Feast your eyes on the dignified modern medieval Taizé-style Escheresque goodness here: PDF.
My choral arrangement of Kwake Yesu/Here on Jesus Christ I Will Stand (GIA) is beginning to make its way in the world. Here is a video from a recent LOFT service at Calvin College: http://livestream.com/calvin-college/events/4678265/videos/113157761.
Kwake Yesu begins at 22:55.
Imagine Earth, Wind & Fire (rest in peace, Maurice White) retired from touring and set up residence in a local church. Now imagine that in a dusty hymnal on the shelves of that church they came across the hymn All Hail the Power of Jesus’ Name, but decided it needed new music to fit their sound.
That’s pretty much what this version of “All Hail” aspires to be.
Now, this two-bit demo doesn’t do much to help you imagine what I’m hearing in my head, but suffice it to say this is a fat funk sandwich filled with a deep meaty groove slathered in buttery vocals, and topped with spicy horn licks.
Email me for the score if you’ve got an Earth, Wind & Fire cover band that would like to cover this. (Or if you’re Earth, Wind & Fire.)
One of my first compositions to ever be published was “A New Song (Psalm 96)” in Augsburg Fortress’s GladSong Choirbook in 2005. It’s nice to know that it’s still being used. How do I know choirs are still singing the song? Because I just got an email from a choir director in Lansdale, PA who would like his choir to hear a recording of the anthem. I searched high and low and finally put my hands on the only recording I have. It was just a read through I did with some students at Northwestern College, but it’s the best I’ve got. (Until the folks at Trinity Lutheran in Lansdale send me a recording!)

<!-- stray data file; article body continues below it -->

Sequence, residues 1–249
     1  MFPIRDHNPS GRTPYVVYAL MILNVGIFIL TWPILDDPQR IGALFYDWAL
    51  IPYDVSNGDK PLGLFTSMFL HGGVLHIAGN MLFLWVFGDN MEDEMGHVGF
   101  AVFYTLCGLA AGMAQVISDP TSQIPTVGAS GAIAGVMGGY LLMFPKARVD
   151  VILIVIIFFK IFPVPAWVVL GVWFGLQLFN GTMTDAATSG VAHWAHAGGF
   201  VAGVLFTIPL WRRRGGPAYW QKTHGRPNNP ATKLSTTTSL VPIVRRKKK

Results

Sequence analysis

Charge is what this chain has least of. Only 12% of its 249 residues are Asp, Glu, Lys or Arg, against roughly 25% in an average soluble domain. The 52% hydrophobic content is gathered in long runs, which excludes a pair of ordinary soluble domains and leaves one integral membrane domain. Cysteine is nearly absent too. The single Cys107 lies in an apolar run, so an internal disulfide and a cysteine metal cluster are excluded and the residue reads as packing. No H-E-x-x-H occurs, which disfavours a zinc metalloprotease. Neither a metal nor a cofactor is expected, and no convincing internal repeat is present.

This graphic was unwittingly donated by C148, an independent musician who is doing some great electronica, including contributions to the Minecraft soundtrack. Check him out at http://c418.org/.
I wrote Creation’s Chorus in 2000 hoping to forge a daring new path of Motown Psalmody that I was sure others were sure to follow. But it turns out people prefer to keep their Sons of Korah and their Jackson Five separated by family…
However, when Psalm 148 came up in the lectionary this week, I thought I’d give it another try. Unlike the 4/4 syncopated funk of the original, I decided to reimagine the song in a 3/4 Black Gospel groove. It’s easier for musicians and congregations who are not steeped in pop styles, and there is, perhaps, less of a gulf between the words and music style.
I was pleased with the basic shift in meter, but I’ve marked dozens of edits I plan to make to the choral arrangement. (This may have something to do with my finishing it 5 minutes before rehearsal started.) If you’re interested in seeing the choral score, just email me. Otherwise you’ll have to wait for the release of Creation’s Chorus 2.1!